My sight loss journey may never truly be over, but I’m okay with that. I hope it continues to help me become the human I want to be.

Connect with Jenna:

Sight Loss Story Is More Than Meets The Eye Featured Image Description:

Jenna stands at the back of a cruise ship. She wears a deep blue shirt that matches the ocean and sky behind her. Her dark brown hair streams down her back as she smiles serenely at the camera.

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Blind Beauty 72 | Jenna Faris of Safe Space

Blind Beauty 72 | Jenna Farris

Blind Beauty 72 | Jenna Faris of Safe Space

“Most people view blindness as a massive barrier, an insurmountable mountain that can never be climbed. I view blindness as an alternative path, one with perhaps more obstacles, but also more triumph.”

~Jenna Faris
Jenna and Susie on Beach
Jenna and Susie on Beach

My grandmother was a genius when it came to reading people. It was one of many traits she had that I secretly and not so secretly envied. As I got older and remarkably wiser (for a teenager) I would often disagree with her assessments of people. Thankfully, with more advanced years, I continued to gain wisdom and had to admit she was almost always right.

From where I stand today, I think I’ve always had the same ability as my grandmother I just didn’t recognize it. Learning to trust my gut where people are concerned was a process aided by a healthy dose cynicism. In the social media I believe cynicism is a requirement to protect oneself online.

When meeting someone new for the first time, I’m very particular. If a person just messages me a simple one-word greeting I typically delete then block them. While it may sound harsh, this is one of many rules I use to gauge people I choose to interact with. Could I possibly be blocking people who are legitimate? Sure, but with well over 7 billion people on the planet, I simply move on.

A Safe Space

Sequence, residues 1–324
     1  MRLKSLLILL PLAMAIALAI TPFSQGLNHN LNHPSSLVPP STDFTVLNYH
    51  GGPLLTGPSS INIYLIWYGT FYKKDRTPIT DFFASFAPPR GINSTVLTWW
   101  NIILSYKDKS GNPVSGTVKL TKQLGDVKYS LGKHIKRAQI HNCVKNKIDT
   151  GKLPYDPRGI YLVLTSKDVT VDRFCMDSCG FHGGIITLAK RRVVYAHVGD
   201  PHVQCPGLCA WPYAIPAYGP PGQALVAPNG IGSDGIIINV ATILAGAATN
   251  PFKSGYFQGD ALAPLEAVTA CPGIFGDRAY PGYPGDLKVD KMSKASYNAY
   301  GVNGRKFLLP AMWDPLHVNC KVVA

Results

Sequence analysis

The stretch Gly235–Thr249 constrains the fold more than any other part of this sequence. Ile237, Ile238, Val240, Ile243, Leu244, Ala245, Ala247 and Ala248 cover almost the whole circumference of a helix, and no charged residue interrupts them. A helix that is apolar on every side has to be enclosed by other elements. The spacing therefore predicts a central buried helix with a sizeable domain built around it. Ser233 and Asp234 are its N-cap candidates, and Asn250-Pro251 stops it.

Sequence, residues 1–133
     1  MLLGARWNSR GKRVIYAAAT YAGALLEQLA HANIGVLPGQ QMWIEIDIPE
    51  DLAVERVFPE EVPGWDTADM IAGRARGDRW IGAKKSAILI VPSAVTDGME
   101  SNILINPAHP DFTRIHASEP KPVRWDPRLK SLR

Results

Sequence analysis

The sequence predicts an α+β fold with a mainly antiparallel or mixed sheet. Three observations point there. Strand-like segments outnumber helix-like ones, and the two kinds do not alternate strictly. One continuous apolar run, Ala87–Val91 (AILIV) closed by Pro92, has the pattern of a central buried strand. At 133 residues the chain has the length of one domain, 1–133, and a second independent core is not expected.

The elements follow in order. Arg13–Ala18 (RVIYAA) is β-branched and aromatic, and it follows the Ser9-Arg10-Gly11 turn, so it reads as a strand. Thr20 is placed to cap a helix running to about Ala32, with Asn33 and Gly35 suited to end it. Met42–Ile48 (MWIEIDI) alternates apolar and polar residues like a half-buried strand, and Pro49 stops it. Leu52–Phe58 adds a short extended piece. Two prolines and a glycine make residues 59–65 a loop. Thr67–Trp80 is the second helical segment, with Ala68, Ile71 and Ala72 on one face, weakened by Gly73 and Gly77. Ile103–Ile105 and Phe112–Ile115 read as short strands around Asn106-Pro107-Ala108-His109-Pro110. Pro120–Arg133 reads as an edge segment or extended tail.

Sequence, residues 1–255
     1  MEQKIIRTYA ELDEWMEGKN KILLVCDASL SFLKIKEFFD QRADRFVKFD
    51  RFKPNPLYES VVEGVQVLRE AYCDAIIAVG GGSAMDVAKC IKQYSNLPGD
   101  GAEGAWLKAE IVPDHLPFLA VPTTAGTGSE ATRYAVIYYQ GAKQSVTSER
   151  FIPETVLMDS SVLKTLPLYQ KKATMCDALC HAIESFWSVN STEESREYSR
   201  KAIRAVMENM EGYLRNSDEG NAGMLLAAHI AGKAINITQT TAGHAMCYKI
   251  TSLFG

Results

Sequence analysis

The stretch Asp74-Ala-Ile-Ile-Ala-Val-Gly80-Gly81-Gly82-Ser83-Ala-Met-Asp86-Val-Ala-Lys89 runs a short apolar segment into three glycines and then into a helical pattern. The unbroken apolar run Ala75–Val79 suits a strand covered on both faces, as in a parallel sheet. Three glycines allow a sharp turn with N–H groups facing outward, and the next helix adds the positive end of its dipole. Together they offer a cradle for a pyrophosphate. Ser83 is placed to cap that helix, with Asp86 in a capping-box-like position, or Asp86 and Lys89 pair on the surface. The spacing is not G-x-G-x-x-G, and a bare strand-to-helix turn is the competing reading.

According to Internet Live Stats at the time I wrote this sentence, there were 4,185,806,809 internet users in the world. Skeptic that I am I would need more research to determine if this is a reliable source but I digress. If there is even a remote possibility that these stats are even close to accurate, that’s a lot of people. The world is a huge place and the internet has given us the ability to connect where it wasn’t previously possible. When you add in the speed of information being transmitted by many of these people, well, this is another story.

While I tend to think there is danger lurking around every corner every now and then even I’m pleasantly surprised. Last week, for example, a young lady named Jenna Farris contacted me through our Facebook Page. The way she introduced herself was so outstanding she automatically set herself apart.

Upon visiting her blog Safe Space, I was immediately impressed with her philosophy through her tagline:

“Where everyone is welcome to participate”

When I read her introductory post “This is me ” I was done! Before I go any further I’d like to encourage everyone who reads today’s post to read “This is me.”

Jenna and I exchanged several comments then emails and I’m so honored to introduce you to her. You’ll be hearing more from Jenna as she’s agreed to be a Woman On The Move and I can hardly wait to share her story with you. This young woman is a phenomenal person and one my grandmother would love!

Blind Beauty 72 | Jenna Faris Featured Image Description:

Featured image is a faux fashion magazine cover titled Blind Beauty. The black & white image of Jenna and her guide dog, Susie sitting on sandstone, are on the cover. Blocks of text superimposed on Jenna’s photo are: “Bold–She Keeps Pressing Onward, Blind–She Has Deeper Insight, Beautiful–She Sees To The Heart Of Others.” “Real Beauty Transcends Barriers.” “Makeup Trends for 2019–How To Maintain A Flawless Look”